by the final response because I have always
held the belief that any limitations in
media reporting would be due to owner/editor
edict within the media operation concerned.
The question posed to the Home Office was to
test that belief.
As to the receipt of information, the simple
answer is "Yes", but I have, in fact,
received quite a bit more information than
expected and this, when coupled with some
additional factors in hindsight, prompts
some further thought.
At the outset this was a fairly simple
question, which may or may not have had some
minor relevance in the Public Interest Test,
but certainly it was one that should have
been put to bed in a secure manner (unlike
Ocean Club Apartment 5A) so that the
'adults' in the Home Office could go off to
'wine and dine' (and maybe take in a
blue-film or two) on the more pressing
matter of the impending MPs 'Tapas Bar'
revelations later publicised via the Daily
Instead of settling this trivial matter
quickly and quietly, in the same way as the
dozen-or-so other FOI requests I had
submitted to various agencies had been
settled, it was allowed to become 'abducted'
for some reason, or in some way, and that –
he says, donning his conspiracy hat for a
moment – is perplexing in itself.
Was this 'abduction' of the original
question – like in Praia da Luz – a result
of sheer stupidity on someone's part?
Possible but unlikely, in my view.
Did the excessively flowery wording (verbose
legalistic character, if you wish) of the
original request cause certain panties to
pad or knickers to knot, perhaps? Again, I
Was it simply a lack of attention during the
period of movement of ministers (McNutty and
Jackboot Jacqui being the most
well-publicised), along with the likely
preparations being made in readiness for the
Expenses' backlash? A distinct possibility,
I feel, and something that might have
affected many other requests for information
during that same period.
Conversely, had the close-shave that had
arisen from the 'FCO diplomatic e-mail'
revelations that had gone all the way to the
Tribunal via the ICO caused all remaining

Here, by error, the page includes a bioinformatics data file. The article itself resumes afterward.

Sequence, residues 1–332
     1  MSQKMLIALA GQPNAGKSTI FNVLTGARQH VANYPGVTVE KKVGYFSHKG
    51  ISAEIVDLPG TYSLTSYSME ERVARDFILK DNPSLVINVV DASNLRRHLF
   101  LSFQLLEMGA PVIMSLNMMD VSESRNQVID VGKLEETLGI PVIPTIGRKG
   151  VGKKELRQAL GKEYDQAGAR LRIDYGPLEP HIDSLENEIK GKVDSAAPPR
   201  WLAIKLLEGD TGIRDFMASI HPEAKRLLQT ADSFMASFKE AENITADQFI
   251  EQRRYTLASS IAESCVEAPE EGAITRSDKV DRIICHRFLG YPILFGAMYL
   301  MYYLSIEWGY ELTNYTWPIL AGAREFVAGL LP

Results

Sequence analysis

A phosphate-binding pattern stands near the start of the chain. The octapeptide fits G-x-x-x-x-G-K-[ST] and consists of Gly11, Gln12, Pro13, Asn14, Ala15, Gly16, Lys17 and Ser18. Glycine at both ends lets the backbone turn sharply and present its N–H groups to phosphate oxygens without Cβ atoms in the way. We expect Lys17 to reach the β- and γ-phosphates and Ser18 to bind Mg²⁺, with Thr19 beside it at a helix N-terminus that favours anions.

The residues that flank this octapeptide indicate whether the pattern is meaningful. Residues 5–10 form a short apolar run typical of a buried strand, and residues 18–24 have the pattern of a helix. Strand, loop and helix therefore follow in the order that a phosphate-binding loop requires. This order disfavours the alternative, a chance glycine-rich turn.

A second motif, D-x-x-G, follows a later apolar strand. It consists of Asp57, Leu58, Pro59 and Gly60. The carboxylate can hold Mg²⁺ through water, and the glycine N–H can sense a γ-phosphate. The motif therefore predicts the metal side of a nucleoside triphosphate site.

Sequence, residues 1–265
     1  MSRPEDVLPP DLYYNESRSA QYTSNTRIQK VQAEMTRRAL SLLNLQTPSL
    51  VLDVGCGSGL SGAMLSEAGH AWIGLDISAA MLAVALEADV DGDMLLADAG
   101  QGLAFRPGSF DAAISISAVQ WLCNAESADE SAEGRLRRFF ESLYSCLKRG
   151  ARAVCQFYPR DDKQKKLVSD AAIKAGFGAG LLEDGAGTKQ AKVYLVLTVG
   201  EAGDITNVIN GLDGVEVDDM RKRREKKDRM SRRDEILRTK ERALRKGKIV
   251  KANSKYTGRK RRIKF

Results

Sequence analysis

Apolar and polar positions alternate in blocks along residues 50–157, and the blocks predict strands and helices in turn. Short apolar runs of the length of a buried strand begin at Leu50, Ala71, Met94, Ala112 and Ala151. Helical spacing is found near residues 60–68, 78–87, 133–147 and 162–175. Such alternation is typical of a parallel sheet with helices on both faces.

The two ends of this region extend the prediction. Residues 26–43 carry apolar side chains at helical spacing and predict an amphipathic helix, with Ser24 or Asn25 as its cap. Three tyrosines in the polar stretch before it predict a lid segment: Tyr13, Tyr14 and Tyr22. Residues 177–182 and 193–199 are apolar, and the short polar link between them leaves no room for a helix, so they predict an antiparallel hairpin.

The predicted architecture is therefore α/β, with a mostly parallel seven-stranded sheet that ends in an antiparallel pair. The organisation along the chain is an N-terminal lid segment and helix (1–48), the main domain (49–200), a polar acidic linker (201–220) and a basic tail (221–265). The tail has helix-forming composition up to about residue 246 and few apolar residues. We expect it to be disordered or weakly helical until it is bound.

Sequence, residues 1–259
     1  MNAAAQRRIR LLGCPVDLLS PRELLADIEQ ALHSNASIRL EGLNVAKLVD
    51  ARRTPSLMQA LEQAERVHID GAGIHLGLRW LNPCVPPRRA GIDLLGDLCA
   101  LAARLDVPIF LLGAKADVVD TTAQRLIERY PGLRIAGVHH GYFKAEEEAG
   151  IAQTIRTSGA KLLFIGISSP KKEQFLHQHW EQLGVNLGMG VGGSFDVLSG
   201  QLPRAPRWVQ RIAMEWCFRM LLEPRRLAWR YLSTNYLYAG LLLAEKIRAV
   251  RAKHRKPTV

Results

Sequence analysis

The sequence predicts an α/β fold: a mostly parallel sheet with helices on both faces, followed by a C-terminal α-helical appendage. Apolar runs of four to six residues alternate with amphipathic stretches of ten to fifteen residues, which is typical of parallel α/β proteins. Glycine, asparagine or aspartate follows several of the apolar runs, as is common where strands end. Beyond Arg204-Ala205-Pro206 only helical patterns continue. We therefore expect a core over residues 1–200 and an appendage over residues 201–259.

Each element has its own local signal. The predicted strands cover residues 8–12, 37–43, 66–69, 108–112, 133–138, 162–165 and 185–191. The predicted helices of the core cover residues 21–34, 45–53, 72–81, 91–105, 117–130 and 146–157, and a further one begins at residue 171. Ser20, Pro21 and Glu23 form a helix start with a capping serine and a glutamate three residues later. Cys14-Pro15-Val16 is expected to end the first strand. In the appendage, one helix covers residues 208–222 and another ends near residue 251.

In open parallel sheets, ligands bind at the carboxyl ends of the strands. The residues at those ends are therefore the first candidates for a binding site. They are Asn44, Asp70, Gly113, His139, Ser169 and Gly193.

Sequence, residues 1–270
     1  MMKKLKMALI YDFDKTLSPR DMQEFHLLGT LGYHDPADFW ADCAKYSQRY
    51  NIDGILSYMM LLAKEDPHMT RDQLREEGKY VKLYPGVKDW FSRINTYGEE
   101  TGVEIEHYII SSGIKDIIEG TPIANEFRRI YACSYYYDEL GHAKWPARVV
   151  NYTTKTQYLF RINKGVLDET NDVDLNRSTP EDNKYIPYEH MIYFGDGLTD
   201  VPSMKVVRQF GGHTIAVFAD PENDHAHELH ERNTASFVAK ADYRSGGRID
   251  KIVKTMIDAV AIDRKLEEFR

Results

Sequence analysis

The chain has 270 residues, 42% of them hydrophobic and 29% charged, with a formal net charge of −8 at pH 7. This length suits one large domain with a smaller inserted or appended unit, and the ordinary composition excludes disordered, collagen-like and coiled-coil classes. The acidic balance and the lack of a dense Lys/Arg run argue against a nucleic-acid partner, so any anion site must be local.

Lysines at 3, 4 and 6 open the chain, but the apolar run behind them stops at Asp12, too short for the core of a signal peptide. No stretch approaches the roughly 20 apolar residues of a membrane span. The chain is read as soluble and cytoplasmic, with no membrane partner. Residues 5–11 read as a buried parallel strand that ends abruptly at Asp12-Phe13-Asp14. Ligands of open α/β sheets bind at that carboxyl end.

unanswered requests to be vetted multiple
times over? Another distinct possibility, I
Or, worst case (conspiracy-alert), was at
least part of the delay, not to mention the
eventual rationale provided by the Home
Office on 30 October 2009, intended to
convey that there was, indeed, some 'fire'
emitting 'smoke' with respect to the failure
of UK authorities to communicate information
to the Portuguese authorities?
If such a thing were intended, and the
'fire' was barely containable within the
ambit of the original request – that is, had
the request been worded in a slightly
different way then the existence of the
'fire' would have to have been fully
revealed – then that certainly would be food
for further thought.
So, what was
behind the 'defined' question?
As I intimated in my diatribe of 7 November
2009, just how did a supposedly highly-
intelligent and literate bunch of
media-savvy political careerists manage to
convert a question about a "Press reporting
gag" on the British media into a question
about "any restrictions that might have been
placed on the sharing of information with
the Portuguese authorities following a
formal request for Mutual Legal Assistance
(MLA) from them."
Re-reading the documents I could venture a
few ideas, but they would be little more
than mere points of semantics and
Alternatively, I could let enough time pass
to avoid being labelled 'vexatious' and pose
this question to the people concerned, but,
really, in the context of the case, I feel
the point is already moot and, anyway, I do
not think that I could wait another 480 days
for an answer.
ATTACHMENTS BELOW THEY ARE ALSO LINKED TO
NUMBERS 1 to 11 ABOVE